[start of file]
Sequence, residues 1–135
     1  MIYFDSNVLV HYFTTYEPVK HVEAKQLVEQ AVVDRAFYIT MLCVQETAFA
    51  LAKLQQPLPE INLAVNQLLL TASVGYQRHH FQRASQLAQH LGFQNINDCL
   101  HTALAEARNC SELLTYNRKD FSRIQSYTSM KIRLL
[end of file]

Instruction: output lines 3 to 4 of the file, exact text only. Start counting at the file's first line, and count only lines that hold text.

    51  LAKLQQPLPE INLAVNQLLL TASVGYQRHH FQRASQLAQH LGFQNINDCL
   101  HTALAEARNC SELLTYNRKD FSRIQSYTSM KIRLL